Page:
Many Missouri preneed sellers have become dependent upon their trustee for the individual contract accounting required by law changes implemented in 2009. Some of those same funeral homes also have consumers make their preneed contract payments directly to the trustee. As a consequence, the seller does not handle consumer funds, and is unable to document preneed contract payments. The next section of the Missouri seller record keeping proposal is directed at that situation:
- For trust and joint account funded preneed contracts:
(4) If funds for a preneed contract are paid by the consumer directly to the financial institution, the seller shall maintain, or be able to access, records from the financial institution showing the dates and amounts of each deposit and the name of the preneed contract beneficiary for each deposit made; and
This record keeping requirement could prove problematic for Missouri’s preneed sellers in a couple of different ways.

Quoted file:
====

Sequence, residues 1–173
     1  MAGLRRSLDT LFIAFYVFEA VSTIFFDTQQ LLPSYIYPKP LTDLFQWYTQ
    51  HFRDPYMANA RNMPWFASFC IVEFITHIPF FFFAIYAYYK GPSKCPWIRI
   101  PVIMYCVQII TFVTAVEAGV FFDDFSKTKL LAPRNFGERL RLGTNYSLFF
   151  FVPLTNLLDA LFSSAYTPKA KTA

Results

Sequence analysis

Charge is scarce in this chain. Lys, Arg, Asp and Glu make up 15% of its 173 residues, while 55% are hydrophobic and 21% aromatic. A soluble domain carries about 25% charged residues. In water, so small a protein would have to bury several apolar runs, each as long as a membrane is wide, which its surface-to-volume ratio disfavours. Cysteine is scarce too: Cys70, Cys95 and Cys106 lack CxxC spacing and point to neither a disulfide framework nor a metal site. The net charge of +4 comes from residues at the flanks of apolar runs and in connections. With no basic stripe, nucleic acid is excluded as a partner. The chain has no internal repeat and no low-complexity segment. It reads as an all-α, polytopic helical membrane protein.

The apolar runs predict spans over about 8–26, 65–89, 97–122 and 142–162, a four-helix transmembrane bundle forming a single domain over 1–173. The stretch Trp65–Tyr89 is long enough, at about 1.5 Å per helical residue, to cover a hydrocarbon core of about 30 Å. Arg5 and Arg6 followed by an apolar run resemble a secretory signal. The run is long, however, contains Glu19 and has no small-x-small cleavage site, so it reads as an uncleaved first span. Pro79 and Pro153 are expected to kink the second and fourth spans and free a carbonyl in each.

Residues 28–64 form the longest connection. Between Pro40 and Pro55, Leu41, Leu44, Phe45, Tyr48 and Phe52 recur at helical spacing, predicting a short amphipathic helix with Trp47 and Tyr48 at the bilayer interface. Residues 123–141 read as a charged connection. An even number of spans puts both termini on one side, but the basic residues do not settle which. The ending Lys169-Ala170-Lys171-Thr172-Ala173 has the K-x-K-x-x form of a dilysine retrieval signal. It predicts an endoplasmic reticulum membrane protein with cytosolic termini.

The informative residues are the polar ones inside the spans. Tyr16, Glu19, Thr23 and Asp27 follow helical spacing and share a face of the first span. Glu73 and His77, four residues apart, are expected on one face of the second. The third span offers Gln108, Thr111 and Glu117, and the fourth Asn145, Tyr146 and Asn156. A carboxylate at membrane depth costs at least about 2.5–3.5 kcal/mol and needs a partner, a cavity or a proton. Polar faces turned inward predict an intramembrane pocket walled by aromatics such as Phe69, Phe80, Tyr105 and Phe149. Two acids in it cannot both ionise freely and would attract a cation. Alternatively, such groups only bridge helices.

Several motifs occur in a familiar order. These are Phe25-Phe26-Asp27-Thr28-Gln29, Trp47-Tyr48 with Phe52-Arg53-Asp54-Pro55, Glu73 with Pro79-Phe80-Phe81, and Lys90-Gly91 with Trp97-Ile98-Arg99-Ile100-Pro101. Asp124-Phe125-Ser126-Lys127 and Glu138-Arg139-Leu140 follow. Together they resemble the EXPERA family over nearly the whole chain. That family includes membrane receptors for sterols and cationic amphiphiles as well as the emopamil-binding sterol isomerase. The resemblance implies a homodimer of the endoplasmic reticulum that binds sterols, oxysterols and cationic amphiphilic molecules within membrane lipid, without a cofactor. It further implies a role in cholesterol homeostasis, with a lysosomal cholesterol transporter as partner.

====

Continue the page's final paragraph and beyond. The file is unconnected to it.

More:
To the extent that banks and trust companies provide on line access to trust clients, transaction records are typically archived after a couple of years. After transactions have been archived, the preneed seller can no longer access the records via the internet portal. Consequently, the staff’s proposals would require preneed sellers to down load transaction records on a regular basis.
Banks and trust companies use a variety of different trust accounting platforms, and some of those platforms offer limited options for reporting transactions. To minimize account inputting, trustees may aggregate consumer payments prior to inputting deposits to their accounting system. Consequently, the trustee may not have a record that shows the date and amount of each consumer deposit. The best record the bank may be able to provide would be a monthly or annual summary of trust deposits.
Another problem with this section is that individual consumer accounts are typically set up in the purchaser’s name. Payments are matched up to the purchaser (who has written the check to the bank).